St. Clair Shores: Nautical Mile, I-94, I-696

St. Clair Shores is best known for its several miles of coastline on Lake St. Clair. The lake is a big draw for recreation and for many that choose to live in St. Clair Shores. The area has a reputation for its charm and being a safe place to live. St. Clair Shores is the hometown of ABDO LAW partner, Cy M. Abdo.

Most of the recreational activity and action in St. Clair Shores takes place in a dedicated zone known as the Nautical Mile. The Nautical Mile in St. Clair Shores, located on Jefferson from 9 Mile Road to 10 Mile Road,  is a Michigan landmark which consists of numerous restaurants, bars, marinas and boat dealers along a one mile stretch of land on the shoreline of Lake St. Clair.

The City of St. Clair Shores has its own police department and the Michigan State Police patrol the I-94 and I-696 interstate expressways.

Criminal Cases in the 40th District Courts: Provisions of Law to Get Dismissals Available!

In 2019, 3116 crimes were reported in the entire city of St. Clair Shores. The following is a list of the most prevalent crimes reported in St. Clair Shores as well as most other Macomb County cities and townships:

 The 40th District Court keeps close tabs on the community to insure safe streets and recreational enjoyment. I would say that both judges take a ‘hands on’ approach to their cases. They use alcohol and drug testing extensively to monitor individuals that are on bond or convicted of an alcohol or drug related offense. Jail is rare for first time offenders. However, you will always want the benefit of an experienced 40th District Court criminal defense lawyer to get the best possible result .

Arraignment and Bond: If you are arrested or arraigned on a criminal matter in the 40th District Court, you will appear either before a magistrate or judge.  If you receive a misdemeanor ticket, your attorney may waive the arraignment and have the matter scheduled for a pretrial conference at a later date. If you have a warrant for your arrest or are otherwise required to personally appear for arraignment, the presence of an experienced St. Clair Shores criminal defense lawyer can a big difference at an arraignment to keep the bond low and keep the bond conditions at a minimum. I have found that Judge Oster, Judge Fratarcangeli and the magistrate will listen to an attorney’s remarks regarding bond which can save potentially thousands of dollars that a bondsman would otherwise cost.  However, even though you are presumed innocent, the 40th District Court will require alcohol and/or drug testing as a condition of bond upon being arraigned and during the pendency of the case.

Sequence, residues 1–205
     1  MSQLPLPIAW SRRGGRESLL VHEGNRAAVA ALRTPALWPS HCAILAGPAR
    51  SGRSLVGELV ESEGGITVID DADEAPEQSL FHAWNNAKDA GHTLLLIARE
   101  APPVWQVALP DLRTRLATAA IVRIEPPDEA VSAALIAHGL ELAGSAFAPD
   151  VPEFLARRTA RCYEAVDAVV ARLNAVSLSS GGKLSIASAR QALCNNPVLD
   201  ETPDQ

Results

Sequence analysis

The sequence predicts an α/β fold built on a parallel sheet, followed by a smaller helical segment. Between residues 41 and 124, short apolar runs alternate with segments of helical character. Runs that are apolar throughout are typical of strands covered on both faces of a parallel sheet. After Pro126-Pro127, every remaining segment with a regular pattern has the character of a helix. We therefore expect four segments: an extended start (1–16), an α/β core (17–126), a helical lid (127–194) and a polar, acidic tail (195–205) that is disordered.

No-Contact Orders: The 40th District Court will also impose a no-contact order in every case involving domestic violence. When a no-contact order is imposed, it restricts an individual’s right to contact or communicate with the alleged victim, even if they are married. If you find yourself in this position, a skilled domestic violence defense lawyer can file a motion to remove the no-contact order. Violating any bond condition is no joke and can result in jail time while the underlying case is pending.

Alcohol/Drug Testing: Those facing alcohol or drug charges in the 40th District Court will almost automatically be required to engage in testing for alcohol and/or drugs soon after a case enters the court system. Testing will also be imposed on those charged with offenses that involve alcohol or drugs such as disorderly conduct or domestic violence. Urine testing is the preferred means to test for drugs. For alcohol testing, the 40th District Court will consider one of the following:

  • Random breath tests
  • Ankle (SCRAM) continuous monitoring system
  • Soberlink (handheld device connected to cellular service or Wifi)

Once a person is required to be tested for alcohol and/or drugs, the 40th District Court Probation Department will be quick to set up a show cause or violation hearing if a person misses a prompt to provide a breath or urine sample or there are any positive results for any alcohol or drugs. We have represented clients that have faced show cause violations because of alcohol or drug use. A testing violation can also occur where the offender denies any alcohol or drug use and claims that the result was a “false positive”. These situations can usually be resolved with the court when the offender has an action plan to avoid further violations or can show the court that there has not been any use of alcohol or drugs.

Misdemeanor or Felony Classification: In Michigan, the district courts have full jurisdiction to dispose of misdemeanors through sentencing. A misdemeanor is classified as an offense that carries up to 1 year in jail.  Felony cases are another matter. A felony is classified as a crime that can carry more than 1 year in jail. A felony case is initiated in the district court for the arraignment, probable cause conference and preliminary examination. A felony that is not resolved in the district court will be moved to the circuit court for further proceedings. In certain cases, a felony can be reduced to a misdemeanor and can remain in the district court. Accomplishing reduction of a felony to a misdemeanor, thus avoiding a felony conviction, is a huge legal victory.

The outcome of a criminal case in the 40th District Courts, as well as other Macomb County District Courts, is dependent upon many components.  The most significant factors that can have a bearing on the disposition of a case are:

  • Prior criminal history of the accused party.
  • Cooperation with the police.
  • Whether another party was injured, or property was damaged.
  • The ability of the accused party to provide restitution for damages to the injured party.
  • Whether the offense is a ‘policy case’ (crimes against senior citizens, children).